Cipher starts with ‘An Introduction to the Power of Braces’ – a song that’ll have a slight return a further three times. Coming across like an ancient & long forgotten folk song it sets out the aims and goals of the album beautifully: this isn’t going to be a collection of mere songs – this is an awakening… this is a reckoning. When ‘Braces’ fades out ‘This Land Is Our Land Redux’ blasts in – an uptempo reworking of the Woody Guthrie classic ‘This Land Is Your Land’ but with more anger and insanity and disillusionment… and joy! Oh boy! There’s a hello of a lot of joy in that song! ‘All About The Bullfrog In 3 Verses’ is a complete musical suite in only 3 minutes and 42 seconds and for this I’m sure we must partly thanks the power of legendary music producer Bob Ferbrache – it’s one of those songs that make you realise that Auto Club have more ideas on one song than most other musicians manage in their entire careers – and that’s ideas that work!. ‘Children of the Lord’ is an astounding track – the banjo intro is one of the most beautful moments in the history of recorded sound. Perhaps the greatest endorsement of the song is the fact that despite having no real love for the Xtian faith I can’t help but holler “give god the glory glory give god the glory glory….” everytime I hear it. I’ve read a few places that ‘SCAC101’ is the only filler track on the album but I find it to be one of the finest the band have recorded… a little slice of warped Slim history – I’d love to see them play it live. ‘Everyone is Guilty’ is pure genius: it starts out as a simple tale of hanging with Jesus, listening to the radio, going for Sunday drives and getting the Auto Club to support him as he goes on tour… but then it takes a turn… with Munly pretty much announcing the Jesus is a scumbag liar. Then we return to Braces for the fourth and final time before we close with the insanely titled ‘That Fierce Cow is Common Sense In A Country Dress’ but fortunately the song is just as insane and beautiful – a fantastic way to close a truly fantastic album. Country, pop, gothic, gospel, rock, techno, folk… it’s all on there (and more sings than I mention)… only a band as great as the Auto Club could make it sound so perfect.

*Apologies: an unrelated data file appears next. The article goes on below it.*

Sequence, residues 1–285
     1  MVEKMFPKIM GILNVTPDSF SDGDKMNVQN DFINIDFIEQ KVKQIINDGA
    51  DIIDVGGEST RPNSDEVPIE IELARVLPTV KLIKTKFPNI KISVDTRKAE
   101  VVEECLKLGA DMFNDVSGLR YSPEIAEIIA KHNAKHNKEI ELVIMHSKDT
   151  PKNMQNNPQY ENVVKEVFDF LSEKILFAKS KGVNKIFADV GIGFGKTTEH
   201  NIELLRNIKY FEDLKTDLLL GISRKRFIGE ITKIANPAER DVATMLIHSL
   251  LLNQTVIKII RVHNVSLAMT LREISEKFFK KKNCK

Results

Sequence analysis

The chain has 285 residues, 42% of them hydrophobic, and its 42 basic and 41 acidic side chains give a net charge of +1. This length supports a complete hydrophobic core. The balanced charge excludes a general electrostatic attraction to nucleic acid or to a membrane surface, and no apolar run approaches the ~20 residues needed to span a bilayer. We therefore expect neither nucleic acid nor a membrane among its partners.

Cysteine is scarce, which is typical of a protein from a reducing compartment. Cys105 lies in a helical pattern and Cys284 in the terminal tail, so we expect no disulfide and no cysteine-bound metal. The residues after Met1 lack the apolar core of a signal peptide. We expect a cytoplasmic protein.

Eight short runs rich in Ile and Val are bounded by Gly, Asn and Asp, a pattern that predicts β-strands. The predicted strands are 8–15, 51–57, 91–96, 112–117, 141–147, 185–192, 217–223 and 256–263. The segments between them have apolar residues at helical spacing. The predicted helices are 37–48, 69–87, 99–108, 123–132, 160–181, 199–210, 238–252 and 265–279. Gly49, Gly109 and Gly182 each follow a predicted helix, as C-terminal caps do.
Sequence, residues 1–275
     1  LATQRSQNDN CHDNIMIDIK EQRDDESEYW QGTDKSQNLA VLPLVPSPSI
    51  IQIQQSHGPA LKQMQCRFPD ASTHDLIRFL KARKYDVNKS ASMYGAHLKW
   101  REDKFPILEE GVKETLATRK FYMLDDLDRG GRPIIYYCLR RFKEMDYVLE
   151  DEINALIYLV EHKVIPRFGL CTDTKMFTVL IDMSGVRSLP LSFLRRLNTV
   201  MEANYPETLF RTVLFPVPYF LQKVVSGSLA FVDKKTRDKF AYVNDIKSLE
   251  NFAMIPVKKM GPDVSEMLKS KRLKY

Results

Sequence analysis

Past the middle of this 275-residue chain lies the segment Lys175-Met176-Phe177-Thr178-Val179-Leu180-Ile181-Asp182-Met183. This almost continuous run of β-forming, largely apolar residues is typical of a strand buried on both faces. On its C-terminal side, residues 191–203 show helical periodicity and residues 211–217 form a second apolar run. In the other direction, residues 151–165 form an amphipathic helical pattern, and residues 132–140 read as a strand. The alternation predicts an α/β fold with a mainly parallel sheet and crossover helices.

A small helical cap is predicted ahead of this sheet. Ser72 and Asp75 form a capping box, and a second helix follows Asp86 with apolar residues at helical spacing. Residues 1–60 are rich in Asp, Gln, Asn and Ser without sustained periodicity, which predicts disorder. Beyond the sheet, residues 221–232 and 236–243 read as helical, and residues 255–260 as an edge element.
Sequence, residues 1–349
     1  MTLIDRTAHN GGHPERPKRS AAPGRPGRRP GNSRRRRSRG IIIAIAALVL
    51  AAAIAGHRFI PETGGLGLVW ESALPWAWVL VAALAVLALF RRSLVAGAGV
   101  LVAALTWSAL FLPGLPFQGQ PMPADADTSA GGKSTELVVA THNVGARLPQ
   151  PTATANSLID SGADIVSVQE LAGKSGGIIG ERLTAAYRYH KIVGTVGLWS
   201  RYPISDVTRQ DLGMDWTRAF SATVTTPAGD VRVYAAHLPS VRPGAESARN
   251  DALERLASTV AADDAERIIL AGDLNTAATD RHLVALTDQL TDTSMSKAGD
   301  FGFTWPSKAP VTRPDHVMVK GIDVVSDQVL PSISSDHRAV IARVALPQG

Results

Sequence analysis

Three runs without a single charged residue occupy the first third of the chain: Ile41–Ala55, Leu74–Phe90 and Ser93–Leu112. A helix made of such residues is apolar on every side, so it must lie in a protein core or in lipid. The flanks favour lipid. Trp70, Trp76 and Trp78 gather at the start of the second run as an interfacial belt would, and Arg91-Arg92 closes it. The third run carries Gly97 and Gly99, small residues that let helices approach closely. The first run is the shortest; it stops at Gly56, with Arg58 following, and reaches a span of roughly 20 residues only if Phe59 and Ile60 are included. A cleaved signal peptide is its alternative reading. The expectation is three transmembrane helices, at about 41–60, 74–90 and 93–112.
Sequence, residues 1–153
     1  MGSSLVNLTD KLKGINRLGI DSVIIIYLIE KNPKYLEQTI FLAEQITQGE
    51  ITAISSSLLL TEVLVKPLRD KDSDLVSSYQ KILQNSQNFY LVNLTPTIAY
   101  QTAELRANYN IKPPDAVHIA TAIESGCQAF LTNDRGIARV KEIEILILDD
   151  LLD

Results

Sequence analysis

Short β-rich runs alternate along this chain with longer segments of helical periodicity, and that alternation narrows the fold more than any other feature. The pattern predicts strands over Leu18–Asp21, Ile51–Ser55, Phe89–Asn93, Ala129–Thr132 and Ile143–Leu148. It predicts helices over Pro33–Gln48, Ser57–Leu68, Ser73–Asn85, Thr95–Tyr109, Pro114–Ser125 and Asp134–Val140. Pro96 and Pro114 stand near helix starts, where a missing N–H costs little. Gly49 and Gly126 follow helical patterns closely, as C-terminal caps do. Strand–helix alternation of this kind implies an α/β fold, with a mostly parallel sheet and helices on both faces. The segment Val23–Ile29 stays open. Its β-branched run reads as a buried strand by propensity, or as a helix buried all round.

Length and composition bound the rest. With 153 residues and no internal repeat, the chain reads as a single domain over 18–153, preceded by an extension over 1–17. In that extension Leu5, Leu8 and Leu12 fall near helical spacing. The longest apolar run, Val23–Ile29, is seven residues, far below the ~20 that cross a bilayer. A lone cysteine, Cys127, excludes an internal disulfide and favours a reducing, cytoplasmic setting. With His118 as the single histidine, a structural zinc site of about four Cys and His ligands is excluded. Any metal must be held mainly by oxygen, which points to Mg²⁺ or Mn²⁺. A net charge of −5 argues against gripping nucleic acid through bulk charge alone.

And there we have it: the beer that fully got me into BrewDog paired with the album that fully got me into Slim Cessna’s Auto Club.

So go buy yourself half a dozen bottles of Hardcore and drink them while listening to Cipher on repeat… then come with us to see the Auto Club in Europe and Denver!

Big Bad Bob on the pedal steel

Cipher is available to buy from Alternative Tentacles

* * *

… all photography by landells except Cipher …

~ by landells on January 28, 2012.